"The critic can protest all he wants that that [implied objectivity] might not be his intention, but as any student of Post-Modernism would tell you, the writer's intention has nothing to do with it and we can only assess value in its application."

Putting Derrida and Foucault aside, I think it's fair to say that the consumer, in creating more demand for a high scoring wine, is simply taking the subjective advice of a critic. They believe the critic when they assert through a score and review that Wine X is better than Wine Y and act on that belief. It is a reaction no different than a moviegoer running out to see a film that they read Roger Ebert loved, despite the fact that Leonard Maltin said the movie stunk. I can tell you from experience that a Roger Ebert-endorsed film does not guarantee I will like it, despite the fact that I ran out and saw it. I can furthermore tell you that despite having bought wines because they got high scores, it turned out I did not like them. I did not question my personal evaluation of the wine any more than I questioned my personal evaluation of the movie just because a critic I admire liked the film. Put another way, I defied any pretense to objectivity in the critics review.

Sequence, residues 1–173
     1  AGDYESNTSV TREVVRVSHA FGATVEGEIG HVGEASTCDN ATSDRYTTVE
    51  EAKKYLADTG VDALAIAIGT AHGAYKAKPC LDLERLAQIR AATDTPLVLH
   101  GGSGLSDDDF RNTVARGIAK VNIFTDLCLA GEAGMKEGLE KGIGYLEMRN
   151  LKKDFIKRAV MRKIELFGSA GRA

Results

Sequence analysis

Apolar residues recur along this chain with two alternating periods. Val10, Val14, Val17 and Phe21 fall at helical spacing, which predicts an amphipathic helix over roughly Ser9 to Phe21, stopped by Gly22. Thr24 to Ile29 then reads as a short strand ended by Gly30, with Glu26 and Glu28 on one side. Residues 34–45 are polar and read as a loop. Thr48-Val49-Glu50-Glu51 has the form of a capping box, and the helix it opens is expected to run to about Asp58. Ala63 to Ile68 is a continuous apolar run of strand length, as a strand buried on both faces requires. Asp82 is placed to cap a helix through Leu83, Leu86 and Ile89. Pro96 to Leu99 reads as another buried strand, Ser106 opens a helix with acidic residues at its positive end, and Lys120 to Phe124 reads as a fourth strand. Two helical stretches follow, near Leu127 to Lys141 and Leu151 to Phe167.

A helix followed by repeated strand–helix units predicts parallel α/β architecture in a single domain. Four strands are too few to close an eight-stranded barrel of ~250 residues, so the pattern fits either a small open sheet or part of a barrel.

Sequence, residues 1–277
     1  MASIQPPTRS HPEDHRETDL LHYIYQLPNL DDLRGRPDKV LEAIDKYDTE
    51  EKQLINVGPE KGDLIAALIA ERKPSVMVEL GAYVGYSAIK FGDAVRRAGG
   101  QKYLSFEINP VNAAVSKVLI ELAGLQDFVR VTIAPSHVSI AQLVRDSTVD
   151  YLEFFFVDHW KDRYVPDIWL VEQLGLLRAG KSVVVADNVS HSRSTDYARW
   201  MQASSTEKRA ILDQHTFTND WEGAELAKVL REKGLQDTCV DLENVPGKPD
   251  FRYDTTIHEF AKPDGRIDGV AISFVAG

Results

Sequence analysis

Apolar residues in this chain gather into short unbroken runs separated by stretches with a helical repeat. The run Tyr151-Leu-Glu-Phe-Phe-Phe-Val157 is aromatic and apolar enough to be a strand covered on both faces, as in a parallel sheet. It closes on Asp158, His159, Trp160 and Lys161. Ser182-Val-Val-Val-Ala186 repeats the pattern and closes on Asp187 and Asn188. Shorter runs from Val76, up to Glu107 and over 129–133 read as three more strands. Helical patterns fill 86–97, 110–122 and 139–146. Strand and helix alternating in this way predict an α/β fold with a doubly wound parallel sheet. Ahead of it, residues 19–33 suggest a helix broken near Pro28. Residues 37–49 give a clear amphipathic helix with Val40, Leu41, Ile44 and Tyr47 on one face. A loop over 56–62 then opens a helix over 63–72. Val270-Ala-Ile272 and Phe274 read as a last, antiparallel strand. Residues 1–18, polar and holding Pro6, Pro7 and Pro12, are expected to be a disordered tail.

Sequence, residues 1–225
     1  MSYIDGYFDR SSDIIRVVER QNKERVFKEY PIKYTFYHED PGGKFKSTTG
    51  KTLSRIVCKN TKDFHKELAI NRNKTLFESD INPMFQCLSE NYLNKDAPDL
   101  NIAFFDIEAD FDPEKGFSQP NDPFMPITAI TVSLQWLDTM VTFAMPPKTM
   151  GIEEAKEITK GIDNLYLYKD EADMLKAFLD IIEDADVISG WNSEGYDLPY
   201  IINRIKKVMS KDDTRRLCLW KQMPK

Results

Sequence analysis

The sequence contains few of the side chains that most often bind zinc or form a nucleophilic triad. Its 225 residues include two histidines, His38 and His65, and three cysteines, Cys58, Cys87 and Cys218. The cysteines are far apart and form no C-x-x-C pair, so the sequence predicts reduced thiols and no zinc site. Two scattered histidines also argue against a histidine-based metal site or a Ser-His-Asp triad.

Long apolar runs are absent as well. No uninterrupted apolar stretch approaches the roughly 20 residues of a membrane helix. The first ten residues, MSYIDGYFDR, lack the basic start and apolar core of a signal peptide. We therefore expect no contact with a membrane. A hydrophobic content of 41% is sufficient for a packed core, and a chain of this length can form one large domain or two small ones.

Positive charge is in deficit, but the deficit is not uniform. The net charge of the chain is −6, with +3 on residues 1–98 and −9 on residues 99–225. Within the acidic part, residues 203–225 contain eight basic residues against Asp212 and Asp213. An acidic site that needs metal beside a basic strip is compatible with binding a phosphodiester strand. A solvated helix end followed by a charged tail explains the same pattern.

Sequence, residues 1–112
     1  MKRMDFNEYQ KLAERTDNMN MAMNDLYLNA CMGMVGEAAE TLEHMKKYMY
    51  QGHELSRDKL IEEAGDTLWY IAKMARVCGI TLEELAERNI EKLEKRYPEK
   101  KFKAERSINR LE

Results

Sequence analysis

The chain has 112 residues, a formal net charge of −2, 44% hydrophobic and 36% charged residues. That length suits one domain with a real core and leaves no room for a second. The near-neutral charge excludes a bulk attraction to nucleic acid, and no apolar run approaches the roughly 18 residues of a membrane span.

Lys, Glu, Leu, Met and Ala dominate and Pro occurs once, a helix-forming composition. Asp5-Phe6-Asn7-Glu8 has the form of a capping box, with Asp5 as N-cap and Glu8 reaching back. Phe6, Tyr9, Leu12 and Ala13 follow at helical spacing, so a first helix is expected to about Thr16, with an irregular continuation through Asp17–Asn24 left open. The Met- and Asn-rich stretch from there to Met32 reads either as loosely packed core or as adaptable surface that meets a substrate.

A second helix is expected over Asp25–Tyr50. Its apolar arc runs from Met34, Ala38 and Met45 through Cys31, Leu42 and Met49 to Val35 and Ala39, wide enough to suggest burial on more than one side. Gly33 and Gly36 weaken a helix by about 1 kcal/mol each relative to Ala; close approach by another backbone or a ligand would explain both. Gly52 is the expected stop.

Demand for high scoring wines do not prove consumers view those scores as objective. It proves they view them as reliable evaluations. There is a difference so large as to require those who think otherwise to go back and study the meaning of "1 + 1 = 2".

Mr. Duman and those who also believe there is a problem of implied objectivity with the 100 point system need to go back to the drawing board and rework their formula.



17 Responses

  1. Morton - January 11, 2012

    I think your argument works here for a five point scale or a ten point scale. The wine can be rated a ten subjectively just as a beautiful woman. The problem comes when you expand that to 100 points implying that wine can be judged and rated with that precision. The mere fact that a critic distinguishes and scores one wine an 85 and another an 86 and a different one a 92 and another a 93 certainly implies a precision that anyone knows anything about wine tasting, knows that it doesn’t exist.
    When you imply precision, you imply accuracy and along with that comes an assumption that there is something of substance behind the score.

  2. Edible Arts - January 11, 2012

    Congratulations on getting references to Derrida and Foucault into a discussion of wine! You are of course right that wine scores do not imply objectivity. But they do imply precision, clarity, and the assumption that qualities in wine can be meaningfully quantified. Controversies about wine scores are about what they mean, not about whether they are independent of individual preferences.